Marlys Witte, a professor of surgery and a member of the Faculty Senate, said it would be helpful if members of the University community had a means to register their comments about the proposals. Even if the provost's office does not respond to or consider the comments, "at least they can get it off their chests."

Hay said that she would look into creating a blog or some other kind of online "suggestion box."

Last week, Hay and Shelton met with faculty and staff to answer questions about the process and implications of the Transformation Plan.

During both events – a faculty forum and a town hall held by the Staff Advisory Council – the pair worked to clear up misconceptions and misinformation about the plan.

Among the greatest concerns expressed by faculty, appointed personnel and staff during the meetings was the need for clear communication about how the reorganization plan will be carried out.

Some questioned talk about creating business centers and merging programs while some questioned the issues of financing and fundraising. Other topics that came out of the meeting related to Web-based courses, student retention and the tenure process.

Shelton and Hay also talked about how staff from affected departments might be considered for new positions at the University and that certain employment decisions depend on human resources policy.

"We are not simply going to cut out people and keep the same amount of workload," Shelton said. "We need to think about what we no longer need to do."

Shelton and Hay repeatedly said "everything is on the table," adding that while there had been rumors of significant cuts in academic programs, Hay said nothing has been decided.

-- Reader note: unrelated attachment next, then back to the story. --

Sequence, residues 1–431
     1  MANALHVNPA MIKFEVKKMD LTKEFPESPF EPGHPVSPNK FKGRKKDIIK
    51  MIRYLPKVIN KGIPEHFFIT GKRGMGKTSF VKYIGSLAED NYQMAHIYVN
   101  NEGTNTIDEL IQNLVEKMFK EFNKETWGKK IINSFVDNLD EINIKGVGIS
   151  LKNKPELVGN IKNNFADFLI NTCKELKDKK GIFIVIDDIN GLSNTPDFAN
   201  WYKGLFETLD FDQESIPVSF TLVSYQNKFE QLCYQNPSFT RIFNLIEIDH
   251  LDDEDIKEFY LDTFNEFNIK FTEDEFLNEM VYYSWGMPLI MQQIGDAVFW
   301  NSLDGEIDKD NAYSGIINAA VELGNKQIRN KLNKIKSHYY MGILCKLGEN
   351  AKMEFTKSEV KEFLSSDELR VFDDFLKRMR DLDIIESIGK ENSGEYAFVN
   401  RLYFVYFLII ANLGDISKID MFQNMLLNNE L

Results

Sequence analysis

"There is no preconceived notion of anything," Hay said, adding that the transformation is an attempt to make the UA a better institution while "changing the way we do business" and while engaging the whole of the campus in the process.

A number of UA employees also were concerned about the short timeline, a perceived lack of discussion about diversity issues and the potential for low morale.

Both Shelton and Hay – who have said the UA can expect another budget cut next year – said they were sympathetic and that they understood the frustration but emphasized the need for a broad-based and swift evaluation of the University's administrative and scholarly functions.

"If we were doing this over three or four years then it would have no impact," Shelton told the approximately 200 people who attended the faculty forum.

"I know there is a lot of anxiety, and I wish there wasn't," he said. "But I want to reassure everybody that we are committed to doing this with you."

Shelton also said that he and other administrators remain devoted to improving diversity on campus.

"I don't want there to be any doubt," he said. "We will not sacrifice our commitment to diversity one iota."

Hay said that while all issues will not be resolved in the coming year – such as how to deliver the curriculum – going through the process will put the University in a proactive instead of a reactive mode.

"I am not anticipating that this (plan) will be resolved by June," she said. "But I need that blueprint."